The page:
For people with care responsibilities, being home likely means that some or all of your breaks go toward helping children, other people, or pets. In that case, your breaks might feel like obligations or distractions, rather than moments of relaxation. If you really struggle to have breaks that are rejuvenating, try taking them right where you are. Set a timer, close your eyes or stand up and stretch your legs, and take a few minutes to yourself to breathe.
3. Sleep More
When you don’t have to commute and you don’t have to spend as much time making yourself presentable for the day, you might have earned back a little slice of time. If you’re using that extra time to sleep longer, bravo! Don’t underestimate the power of sleeping more. If you can get an extra 25 minutes of sleep per day, that’s more than two hours of additional sleep over the course of a five-day workweek.
Sleep helps us recover from the day, as well as function at our best when we’re awake. If you want to be able to focus and put in good hours of work, you need to also put in good hours of sleep. Sleeping enough and getting high-quality sleep takes time, and an extra 15 or 30 minutes each day adds up. For some ideas about how to get more and better sleep, read our article on how tech can help (and hurt) your sleep. We’ve also collected the best technology for getting a good night’s sleep.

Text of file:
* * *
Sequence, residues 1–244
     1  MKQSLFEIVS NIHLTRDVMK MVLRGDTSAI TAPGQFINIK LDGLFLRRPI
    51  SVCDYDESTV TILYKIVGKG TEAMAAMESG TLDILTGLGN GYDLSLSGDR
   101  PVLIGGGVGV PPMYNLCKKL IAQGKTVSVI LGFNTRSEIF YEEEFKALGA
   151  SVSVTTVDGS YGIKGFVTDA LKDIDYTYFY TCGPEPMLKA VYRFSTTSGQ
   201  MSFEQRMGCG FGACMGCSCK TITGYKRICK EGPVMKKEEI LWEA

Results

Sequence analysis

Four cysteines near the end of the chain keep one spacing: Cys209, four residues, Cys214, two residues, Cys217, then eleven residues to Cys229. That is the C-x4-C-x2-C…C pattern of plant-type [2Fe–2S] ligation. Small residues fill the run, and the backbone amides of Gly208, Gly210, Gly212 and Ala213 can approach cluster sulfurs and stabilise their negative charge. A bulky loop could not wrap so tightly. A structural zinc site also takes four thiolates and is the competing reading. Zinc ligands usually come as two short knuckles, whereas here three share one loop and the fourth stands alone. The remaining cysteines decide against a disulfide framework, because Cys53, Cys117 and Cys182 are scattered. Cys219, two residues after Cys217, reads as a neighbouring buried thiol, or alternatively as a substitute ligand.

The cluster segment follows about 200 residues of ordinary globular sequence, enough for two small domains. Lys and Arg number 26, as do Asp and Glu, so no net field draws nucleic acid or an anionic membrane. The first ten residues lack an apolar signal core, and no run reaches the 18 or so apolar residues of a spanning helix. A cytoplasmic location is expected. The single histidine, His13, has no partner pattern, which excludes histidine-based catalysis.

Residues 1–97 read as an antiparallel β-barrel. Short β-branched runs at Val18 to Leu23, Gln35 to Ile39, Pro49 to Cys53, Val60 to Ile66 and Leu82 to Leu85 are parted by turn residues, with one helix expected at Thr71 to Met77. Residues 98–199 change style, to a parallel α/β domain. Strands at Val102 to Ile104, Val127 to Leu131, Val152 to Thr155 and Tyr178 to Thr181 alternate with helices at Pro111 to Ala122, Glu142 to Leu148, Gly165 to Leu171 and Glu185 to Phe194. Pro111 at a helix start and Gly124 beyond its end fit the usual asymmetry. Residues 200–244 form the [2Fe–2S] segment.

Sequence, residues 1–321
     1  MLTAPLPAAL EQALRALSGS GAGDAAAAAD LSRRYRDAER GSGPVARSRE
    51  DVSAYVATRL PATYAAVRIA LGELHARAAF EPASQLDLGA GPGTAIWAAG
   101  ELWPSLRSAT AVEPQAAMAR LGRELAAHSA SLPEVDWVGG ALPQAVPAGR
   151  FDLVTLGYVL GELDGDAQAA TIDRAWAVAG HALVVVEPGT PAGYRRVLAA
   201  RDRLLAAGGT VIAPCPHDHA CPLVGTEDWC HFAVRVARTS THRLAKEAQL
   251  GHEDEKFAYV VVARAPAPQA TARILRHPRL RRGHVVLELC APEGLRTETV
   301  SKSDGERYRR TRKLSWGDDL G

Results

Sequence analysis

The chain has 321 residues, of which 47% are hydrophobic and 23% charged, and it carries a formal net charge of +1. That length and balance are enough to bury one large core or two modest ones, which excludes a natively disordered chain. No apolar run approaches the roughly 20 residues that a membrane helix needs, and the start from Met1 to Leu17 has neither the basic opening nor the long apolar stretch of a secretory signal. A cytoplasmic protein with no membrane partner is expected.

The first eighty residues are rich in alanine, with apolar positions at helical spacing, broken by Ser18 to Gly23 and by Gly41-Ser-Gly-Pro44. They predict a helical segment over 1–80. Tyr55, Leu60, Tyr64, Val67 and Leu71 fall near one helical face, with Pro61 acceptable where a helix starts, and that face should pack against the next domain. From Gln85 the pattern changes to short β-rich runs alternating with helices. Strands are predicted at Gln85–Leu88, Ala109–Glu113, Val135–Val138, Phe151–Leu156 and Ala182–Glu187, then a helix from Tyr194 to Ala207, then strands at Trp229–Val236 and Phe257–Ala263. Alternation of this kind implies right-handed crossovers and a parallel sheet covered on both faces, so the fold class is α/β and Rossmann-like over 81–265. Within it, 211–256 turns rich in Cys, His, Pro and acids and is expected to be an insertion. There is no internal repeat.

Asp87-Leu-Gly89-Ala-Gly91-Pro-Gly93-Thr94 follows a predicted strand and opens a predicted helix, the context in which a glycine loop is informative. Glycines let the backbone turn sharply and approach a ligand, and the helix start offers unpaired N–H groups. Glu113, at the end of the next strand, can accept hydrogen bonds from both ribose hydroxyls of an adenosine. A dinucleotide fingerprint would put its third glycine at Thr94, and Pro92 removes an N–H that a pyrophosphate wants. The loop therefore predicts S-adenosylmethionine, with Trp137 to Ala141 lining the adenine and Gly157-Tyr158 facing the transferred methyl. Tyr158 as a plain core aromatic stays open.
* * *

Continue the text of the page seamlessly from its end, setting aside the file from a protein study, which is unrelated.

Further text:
4. Write Your To-Do List Differently
Jodi Harris is a personal coach who has been running her business from home for several years. She told me that when she switched from office life to that of a self-employed person working from home, she made one tiny change that had a huge positive effect. She stopped writing a daily to-do list and instead created a weekly list.
Doing so, she said, helped her think differently about how much she could move tasks and appointments around to make them work together. A daily to-do list was too restrictive.
If you’re hitting a wall with your ability to work from home, try shifting how you write your to-do list. You could try a weekly list, or you might try another method of organizing your tasks altogether—for example, switching from keeping lists to using a kanban board.
5. Change Your Working Hours
Dedicating yourself to fixed working hours can be a great habit. If you’ve been working from home for a while, however, and need to shake up your routine, changing your hours is certainly one way to do it.